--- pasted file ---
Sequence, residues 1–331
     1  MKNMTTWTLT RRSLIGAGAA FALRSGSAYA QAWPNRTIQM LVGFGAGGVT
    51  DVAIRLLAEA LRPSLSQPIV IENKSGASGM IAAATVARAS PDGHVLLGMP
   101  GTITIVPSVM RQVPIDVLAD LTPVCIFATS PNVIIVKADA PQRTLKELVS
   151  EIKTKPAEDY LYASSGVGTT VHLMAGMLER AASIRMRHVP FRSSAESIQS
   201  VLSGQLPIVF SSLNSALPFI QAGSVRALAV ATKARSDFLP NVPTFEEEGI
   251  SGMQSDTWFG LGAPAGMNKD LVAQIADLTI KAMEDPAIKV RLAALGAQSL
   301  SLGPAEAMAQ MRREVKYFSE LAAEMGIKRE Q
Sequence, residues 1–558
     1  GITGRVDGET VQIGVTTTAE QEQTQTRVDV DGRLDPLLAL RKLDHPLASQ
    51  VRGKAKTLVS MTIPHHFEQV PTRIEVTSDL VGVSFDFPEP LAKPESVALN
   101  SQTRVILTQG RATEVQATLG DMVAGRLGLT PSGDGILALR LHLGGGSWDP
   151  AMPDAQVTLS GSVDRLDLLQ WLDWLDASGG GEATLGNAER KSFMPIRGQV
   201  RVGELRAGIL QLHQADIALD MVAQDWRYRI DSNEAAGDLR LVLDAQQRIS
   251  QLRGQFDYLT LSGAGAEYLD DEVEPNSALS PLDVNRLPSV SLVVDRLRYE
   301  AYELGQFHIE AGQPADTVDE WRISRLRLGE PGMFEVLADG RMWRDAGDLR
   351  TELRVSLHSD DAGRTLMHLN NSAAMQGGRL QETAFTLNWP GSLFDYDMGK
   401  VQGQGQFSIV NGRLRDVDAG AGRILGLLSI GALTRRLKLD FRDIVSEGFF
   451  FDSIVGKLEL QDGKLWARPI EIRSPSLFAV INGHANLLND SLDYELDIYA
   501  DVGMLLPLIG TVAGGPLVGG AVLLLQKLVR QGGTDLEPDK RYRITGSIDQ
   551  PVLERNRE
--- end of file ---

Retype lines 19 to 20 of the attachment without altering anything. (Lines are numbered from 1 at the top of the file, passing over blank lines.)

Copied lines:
   451  FDSIVGKLEL QDGKLWARPI EIRSPSLFAV INGHANLLND SLDYELDIYA
   501  DVGMLLPLIG TVAGGPLVGG AVLLLQKLVR QGGTDLEPDK RYRITGSIDQ